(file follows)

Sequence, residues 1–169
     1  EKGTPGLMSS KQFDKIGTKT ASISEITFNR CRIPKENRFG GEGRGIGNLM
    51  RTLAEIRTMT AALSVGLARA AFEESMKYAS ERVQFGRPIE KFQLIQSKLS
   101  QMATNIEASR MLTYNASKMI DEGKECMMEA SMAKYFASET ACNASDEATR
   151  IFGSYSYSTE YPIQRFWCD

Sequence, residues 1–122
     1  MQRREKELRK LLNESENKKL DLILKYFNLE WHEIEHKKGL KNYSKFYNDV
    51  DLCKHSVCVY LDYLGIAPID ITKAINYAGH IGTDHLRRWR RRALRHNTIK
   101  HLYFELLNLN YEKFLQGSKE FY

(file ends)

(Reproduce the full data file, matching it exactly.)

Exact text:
Sequence, residues 1–169
     1  EKGTPGLMSS KQFDKIGTKT ASISEITFNR CRIPKENRFG GEGRGIGNLM
    51  RTLAEIRTMT AALSVGLARA AFEESMKYAS ERVQFGRPIE KFQLIQSKLS
   101  QMATNIEASR MLTYNASKMI DEGKECMMEA SMAKYFASET ACNASDEATR
   151  IFGSYSYSTE YPIQRFWCD

Sequence, residues 1–122
     1  MQRREKELRK LLNESENKKL DLILKYFNLE WHEIEHKKGL KNYSKFYNDV
    51  DLCKHSVCVY LDYLGIAPID ITKAINYAGH IGTDHLRRWR RRALRHNTIK
   101  HLYFELLNLN YEKFLQGSKE FY